Thanks to the large income University Challenge provided him, and the fact it took only 40 days to record, Gascoigne had the freedom to indulge his many other interests. These included a number of major television documentaries. For Granada, he wrote and presented an impressive 13-part series, The Christians. The production took three years and a budget of half a million pounds to make – film crews also visited 30 countries. As was his practice, a book with photographs by his wife Christina accompanied the series.
Airing in 1987 were Victorian Values and Man and Music. Three years later came The Great Moghuls, based on his 1971 book of the same name. For Channel 4, Brother Felix And The Virgin Saint (1992) traced the Holy Land pilgrimages of 15th-century German friar Brother Felix of Ulm.
As a novelist, Gascoigne’s output includes Murgatreud’s Empire, The Heyday and an allegorical fable, Ticker Khan. However, his best-known books remain lavishly produced histories on broad themes such as World Theatre (1968), The Great Moghuls (1971), Treasures and Dynasties of China (1973), The Christians (1977) and a textbook which has become a standard work in the print departments of museums and colleges, How To Identify Prints (1986).
Five years later he found himself at the centre of a treasure hunt that had quickly gripped the nation. Having witnessed artist Kit Williams bury a valuable golden hare jewel somewhere in England, Gascoigne came under intense pressure to reveal its location. His later chronicle, The Quest for the Golden Hare, became a bestseller.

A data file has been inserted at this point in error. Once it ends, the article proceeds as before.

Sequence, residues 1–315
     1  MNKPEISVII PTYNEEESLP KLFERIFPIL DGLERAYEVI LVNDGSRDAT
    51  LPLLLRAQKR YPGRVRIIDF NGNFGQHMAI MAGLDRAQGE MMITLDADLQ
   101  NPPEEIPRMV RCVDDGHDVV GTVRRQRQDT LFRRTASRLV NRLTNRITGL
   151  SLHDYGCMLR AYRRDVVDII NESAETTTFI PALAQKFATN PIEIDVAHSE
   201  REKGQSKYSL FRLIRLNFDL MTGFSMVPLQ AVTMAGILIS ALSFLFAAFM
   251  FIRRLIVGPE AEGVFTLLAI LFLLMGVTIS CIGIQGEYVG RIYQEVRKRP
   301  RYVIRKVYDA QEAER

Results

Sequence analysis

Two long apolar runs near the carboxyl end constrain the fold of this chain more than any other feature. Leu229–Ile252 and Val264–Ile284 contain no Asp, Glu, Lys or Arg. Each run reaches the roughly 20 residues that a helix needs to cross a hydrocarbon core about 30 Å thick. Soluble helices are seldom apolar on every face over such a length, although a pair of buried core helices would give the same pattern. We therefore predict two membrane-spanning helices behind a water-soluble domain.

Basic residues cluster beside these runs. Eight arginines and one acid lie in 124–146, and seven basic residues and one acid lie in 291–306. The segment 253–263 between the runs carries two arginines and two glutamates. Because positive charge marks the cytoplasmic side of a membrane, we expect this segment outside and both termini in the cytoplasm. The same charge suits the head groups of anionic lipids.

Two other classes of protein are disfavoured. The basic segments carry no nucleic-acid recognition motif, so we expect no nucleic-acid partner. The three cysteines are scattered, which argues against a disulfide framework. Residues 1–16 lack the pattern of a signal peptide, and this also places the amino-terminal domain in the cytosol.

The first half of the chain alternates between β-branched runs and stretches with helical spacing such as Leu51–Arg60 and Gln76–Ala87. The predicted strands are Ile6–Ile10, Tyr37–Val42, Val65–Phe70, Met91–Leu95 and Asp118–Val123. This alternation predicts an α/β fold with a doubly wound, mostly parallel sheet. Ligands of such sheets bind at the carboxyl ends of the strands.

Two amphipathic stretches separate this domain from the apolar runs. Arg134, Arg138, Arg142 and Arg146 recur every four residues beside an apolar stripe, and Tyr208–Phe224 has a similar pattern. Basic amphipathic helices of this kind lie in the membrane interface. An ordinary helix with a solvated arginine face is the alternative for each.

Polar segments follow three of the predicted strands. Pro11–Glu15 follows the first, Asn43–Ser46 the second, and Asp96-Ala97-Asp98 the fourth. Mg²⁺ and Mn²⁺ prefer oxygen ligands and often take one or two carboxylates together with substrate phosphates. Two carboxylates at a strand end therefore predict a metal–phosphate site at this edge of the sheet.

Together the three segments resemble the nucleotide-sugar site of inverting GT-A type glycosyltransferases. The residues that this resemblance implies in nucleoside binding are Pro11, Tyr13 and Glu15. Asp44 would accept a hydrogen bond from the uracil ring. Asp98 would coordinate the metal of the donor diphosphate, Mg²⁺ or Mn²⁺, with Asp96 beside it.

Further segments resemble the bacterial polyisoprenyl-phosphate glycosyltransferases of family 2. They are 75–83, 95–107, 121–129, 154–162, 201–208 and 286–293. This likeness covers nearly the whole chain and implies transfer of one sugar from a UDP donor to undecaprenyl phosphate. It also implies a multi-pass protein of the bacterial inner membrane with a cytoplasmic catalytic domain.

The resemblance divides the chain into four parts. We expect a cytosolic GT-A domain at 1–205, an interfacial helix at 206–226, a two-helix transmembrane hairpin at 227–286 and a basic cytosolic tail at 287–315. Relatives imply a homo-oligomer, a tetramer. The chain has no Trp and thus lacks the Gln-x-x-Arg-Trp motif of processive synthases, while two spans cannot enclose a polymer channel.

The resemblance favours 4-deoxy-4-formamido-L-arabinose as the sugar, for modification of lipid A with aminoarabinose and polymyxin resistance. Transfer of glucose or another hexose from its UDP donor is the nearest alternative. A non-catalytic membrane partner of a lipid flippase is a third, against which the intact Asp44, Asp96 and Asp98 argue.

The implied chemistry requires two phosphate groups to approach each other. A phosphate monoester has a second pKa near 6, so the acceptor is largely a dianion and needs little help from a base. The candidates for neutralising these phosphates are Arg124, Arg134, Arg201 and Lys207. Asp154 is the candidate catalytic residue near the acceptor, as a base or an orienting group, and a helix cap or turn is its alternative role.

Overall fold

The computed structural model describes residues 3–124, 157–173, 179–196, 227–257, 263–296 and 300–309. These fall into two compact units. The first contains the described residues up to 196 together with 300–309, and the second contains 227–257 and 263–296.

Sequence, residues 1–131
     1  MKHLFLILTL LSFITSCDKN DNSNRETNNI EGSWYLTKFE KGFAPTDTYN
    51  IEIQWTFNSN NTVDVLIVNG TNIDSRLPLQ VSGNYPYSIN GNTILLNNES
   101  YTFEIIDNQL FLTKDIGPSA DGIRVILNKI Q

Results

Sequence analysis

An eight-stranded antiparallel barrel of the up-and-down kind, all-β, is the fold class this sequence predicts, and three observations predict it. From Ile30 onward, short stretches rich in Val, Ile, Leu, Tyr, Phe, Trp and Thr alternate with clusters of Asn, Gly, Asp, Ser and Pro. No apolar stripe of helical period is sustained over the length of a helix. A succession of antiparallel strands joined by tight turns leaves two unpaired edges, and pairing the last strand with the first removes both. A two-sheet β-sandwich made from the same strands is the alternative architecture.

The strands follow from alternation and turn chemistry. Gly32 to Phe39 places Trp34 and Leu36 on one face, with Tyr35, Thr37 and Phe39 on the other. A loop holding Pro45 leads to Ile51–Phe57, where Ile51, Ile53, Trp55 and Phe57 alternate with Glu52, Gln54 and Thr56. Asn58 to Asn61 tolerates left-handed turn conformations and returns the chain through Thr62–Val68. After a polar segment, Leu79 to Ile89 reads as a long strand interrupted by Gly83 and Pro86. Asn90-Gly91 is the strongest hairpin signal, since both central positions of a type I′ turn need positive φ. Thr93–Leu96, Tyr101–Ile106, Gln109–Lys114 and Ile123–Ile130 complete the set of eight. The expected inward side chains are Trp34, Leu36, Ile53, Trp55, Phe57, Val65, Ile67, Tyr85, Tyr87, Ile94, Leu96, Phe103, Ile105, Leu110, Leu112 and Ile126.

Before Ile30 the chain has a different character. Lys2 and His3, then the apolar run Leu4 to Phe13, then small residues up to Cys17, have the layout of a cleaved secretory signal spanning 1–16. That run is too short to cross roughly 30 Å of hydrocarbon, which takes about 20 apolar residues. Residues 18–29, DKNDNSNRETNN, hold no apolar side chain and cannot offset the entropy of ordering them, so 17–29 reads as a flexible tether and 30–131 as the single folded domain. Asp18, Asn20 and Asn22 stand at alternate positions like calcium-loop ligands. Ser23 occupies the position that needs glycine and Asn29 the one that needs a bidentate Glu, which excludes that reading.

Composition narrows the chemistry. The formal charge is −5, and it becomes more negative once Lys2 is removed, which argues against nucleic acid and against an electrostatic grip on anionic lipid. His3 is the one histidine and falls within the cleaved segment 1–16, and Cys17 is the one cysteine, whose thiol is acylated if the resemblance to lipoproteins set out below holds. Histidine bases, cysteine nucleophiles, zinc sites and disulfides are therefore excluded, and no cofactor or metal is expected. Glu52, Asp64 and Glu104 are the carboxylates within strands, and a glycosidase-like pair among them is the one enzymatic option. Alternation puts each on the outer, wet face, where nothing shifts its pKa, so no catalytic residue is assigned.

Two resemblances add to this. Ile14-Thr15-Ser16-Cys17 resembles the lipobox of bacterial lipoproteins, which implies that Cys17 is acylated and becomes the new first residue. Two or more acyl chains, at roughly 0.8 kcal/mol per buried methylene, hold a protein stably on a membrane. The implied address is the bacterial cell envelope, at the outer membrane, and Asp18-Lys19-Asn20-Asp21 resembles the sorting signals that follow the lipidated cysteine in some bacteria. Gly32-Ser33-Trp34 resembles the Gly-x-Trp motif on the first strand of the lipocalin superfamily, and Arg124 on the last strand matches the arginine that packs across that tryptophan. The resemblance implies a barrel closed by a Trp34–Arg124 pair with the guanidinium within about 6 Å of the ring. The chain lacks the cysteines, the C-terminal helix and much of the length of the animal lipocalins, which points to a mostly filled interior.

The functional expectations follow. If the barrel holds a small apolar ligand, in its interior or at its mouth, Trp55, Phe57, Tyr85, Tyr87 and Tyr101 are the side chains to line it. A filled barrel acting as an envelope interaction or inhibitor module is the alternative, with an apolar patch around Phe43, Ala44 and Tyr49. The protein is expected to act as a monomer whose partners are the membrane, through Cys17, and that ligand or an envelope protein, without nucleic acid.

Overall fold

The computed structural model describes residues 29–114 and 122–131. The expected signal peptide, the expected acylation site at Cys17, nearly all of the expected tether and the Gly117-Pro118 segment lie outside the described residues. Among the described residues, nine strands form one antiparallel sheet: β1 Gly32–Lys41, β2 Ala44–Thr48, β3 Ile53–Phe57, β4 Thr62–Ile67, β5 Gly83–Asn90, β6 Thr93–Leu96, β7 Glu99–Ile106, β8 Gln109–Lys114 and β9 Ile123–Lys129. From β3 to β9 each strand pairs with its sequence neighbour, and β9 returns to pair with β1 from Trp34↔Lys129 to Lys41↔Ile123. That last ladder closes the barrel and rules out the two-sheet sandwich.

In tandem with his numerous other activities, both Gascoigne and Christina also ran a publishing company from their Richmond home during the 1980s. They set up the Saint Helena Press for the purpose of publishing a series of handsome topographical studies, which they labelled Images of London. Each volume reproduced and catalogued every known print of a given area up to the year 1860. Images of Chelsea with a text by Elizabeth Longford was followed by a volume on Brighton by John Ford and another on Twickenham, compiled by Gascoigne himself. At the same time, the couple also produced a comic picture book for children entitled Why The Rope Went Tight. It made the readers want to turn the page to follow whatever was going on around a circus tent.